A joint Fermilab/SLAC publication

July issue of symmetry now online


In this month's issue, Joe Incandela goes beyond the “Hamlet question" of whether or not the Higgs boson exists to ask: What happens next? (Illustration: Sandbox Studio, Chicago)

The July issue of symmetry hits virtual newsstands today.

As excitement builds over what physicists may or may not say about their hunt for the Higgs boson, symmetry goes beyond the “Hamlet question" of whether or not the Higgs exists to ask: What happens next?

This month’s issue also explains one word you need to understand no matter what the CMS and ATLAS collaborations announce: sigma.

Not all of the excitement this month revolves around the Higgs. Symmetry also introduces readers to the accelerator revolution under way at FACET. A new test bed for accelerator technology at SLAC, FACET seeks to make particle accelerators smaller, cheaper and more efficient—and expand their role in society.

This month, symmetry also introduces readers to Brian Gerke, one of the many former particle physicists and astrophysicists who, thanks to a willingness and confidence to attack problems that they have no idea how to solve, have made a significant impact on another field.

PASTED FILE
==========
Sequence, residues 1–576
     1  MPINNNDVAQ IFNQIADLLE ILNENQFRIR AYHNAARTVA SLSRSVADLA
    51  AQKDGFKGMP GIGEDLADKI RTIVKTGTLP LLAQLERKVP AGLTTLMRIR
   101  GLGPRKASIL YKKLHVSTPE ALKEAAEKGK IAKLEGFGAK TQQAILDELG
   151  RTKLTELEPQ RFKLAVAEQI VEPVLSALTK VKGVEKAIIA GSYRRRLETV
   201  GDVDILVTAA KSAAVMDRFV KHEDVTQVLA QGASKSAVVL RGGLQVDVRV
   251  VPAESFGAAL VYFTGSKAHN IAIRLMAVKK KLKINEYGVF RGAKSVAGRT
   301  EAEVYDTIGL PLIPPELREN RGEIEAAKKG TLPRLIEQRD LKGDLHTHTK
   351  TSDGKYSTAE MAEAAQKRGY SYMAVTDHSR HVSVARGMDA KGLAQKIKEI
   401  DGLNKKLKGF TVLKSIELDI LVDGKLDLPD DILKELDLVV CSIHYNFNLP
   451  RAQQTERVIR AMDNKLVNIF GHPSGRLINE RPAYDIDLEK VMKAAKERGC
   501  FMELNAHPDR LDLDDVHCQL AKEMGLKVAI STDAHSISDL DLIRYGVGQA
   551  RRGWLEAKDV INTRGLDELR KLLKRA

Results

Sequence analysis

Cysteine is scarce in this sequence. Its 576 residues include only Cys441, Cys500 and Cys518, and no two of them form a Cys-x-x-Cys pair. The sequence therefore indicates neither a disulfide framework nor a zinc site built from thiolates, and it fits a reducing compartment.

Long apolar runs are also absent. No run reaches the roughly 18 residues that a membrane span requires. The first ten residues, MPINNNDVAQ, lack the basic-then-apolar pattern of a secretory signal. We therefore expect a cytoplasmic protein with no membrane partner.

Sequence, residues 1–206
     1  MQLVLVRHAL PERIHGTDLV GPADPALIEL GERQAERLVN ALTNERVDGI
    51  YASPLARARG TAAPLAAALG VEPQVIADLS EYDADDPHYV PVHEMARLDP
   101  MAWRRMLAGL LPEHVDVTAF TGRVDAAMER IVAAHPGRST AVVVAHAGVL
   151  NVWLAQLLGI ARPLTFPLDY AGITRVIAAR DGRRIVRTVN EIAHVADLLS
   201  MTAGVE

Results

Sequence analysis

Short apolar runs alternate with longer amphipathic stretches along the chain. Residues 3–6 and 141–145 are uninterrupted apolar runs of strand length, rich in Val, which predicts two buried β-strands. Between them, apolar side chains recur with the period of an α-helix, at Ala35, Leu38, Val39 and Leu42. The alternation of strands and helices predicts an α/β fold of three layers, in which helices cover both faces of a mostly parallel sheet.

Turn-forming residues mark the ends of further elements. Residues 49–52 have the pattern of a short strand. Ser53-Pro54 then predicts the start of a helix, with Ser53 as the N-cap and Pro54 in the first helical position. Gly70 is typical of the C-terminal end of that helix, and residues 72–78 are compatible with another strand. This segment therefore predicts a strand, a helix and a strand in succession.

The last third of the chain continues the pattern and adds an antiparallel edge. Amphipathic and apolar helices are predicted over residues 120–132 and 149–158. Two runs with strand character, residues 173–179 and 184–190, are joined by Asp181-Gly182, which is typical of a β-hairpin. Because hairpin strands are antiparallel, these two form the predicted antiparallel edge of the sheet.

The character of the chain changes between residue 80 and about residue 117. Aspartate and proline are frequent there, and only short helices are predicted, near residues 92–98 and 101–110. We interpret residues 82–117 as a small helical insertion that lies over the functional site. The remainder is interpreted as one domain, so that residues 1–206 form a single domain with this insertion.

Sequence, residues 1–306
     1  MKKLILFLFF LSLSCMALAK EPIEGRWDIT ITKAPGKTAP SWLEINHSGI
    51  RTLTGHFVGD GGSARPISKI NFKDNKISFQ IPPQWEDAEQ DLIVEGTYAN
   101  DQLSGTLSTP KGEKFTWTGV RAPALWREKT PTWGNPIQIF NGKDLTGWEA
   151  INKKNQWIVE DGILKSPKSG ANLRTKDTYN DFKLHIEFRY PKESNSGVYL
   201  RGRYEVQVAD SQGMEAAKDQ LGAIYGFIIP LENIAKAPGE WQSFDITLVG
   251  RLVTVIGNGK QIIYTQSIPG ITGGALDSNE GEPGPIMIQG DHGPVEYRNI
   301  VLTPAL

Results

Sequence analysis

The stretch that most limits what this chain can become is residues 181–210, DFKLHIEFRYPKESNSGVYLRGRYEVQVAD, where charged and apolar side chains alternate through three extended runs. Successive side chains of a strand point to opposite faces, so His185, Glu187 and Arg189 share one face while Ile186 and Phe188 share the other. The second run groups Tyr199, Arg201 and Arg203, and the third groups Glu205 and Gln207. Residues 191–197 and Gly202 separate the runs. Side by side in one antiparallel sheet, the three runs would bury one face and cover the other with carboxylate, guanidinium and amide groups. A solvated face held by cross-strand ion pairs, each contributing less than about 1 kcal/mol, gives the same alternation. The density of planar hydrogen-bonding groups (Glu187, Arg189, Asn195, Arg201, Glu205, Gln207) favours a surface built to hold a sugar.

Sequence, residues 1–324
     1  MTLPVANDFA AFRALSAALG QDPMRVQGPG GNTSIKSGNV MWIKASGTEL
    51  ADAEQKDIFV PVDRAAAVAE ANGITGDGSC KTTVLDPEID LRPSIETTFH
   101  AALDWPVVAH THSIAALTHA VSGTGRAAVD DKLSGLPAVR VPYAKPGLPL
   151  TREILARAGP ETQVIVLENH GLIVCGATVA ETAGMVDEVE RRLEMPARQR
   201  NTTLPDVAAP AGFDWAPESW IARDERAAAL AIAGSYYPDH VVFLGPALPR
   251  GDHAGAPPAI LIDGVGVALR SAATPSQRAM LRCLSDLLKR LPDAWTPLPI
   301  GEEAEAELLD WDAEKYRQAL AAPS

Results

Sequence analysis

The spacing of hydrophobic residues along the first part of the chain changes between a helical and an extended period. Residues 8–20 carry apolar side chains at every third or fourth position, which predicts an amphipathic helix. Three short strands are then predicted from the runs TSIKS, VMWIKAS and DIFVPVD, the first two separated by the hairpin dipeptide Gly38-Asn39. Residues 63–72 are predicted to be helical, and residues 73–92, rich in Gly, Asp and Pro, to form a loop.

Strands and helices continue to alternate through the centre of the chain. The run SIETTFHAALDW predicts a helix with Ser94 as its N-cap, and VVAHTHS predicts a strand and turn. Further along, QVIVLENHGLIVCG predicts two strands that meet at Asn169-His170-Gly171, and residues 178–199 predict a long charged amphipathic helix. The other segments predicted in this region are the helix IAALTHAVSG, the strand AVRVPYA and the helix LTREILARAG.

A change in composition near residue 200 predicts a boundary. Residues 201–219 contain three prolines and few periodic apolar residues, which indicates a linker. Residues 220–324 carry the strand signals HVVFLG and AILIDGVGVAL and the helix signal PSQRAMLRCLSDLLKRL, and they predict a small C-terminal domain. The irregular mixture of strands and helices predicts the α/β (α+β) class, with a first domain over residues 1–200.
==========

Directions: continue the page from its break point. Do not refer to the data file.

To receive all future issues of symmetry, please subscribe to our e-mail edition.

Latest news articles
New York Times

Decades ago, Armenian scientists built a high-elevation trap to catch and study cosmic rays. Physics has mostly moved on, but the station persists—a ghost observatory with a skeleton crew.

Science News

The United States has taken a key step toward building its first new particle collider in decades.


In the study, physicists concluded that Type Ia supernovae might not be the standard candles that astronomers initially thought.

New York Times

The astronomer missed her Nobel Prize. But she now has a whole new observatory to her name.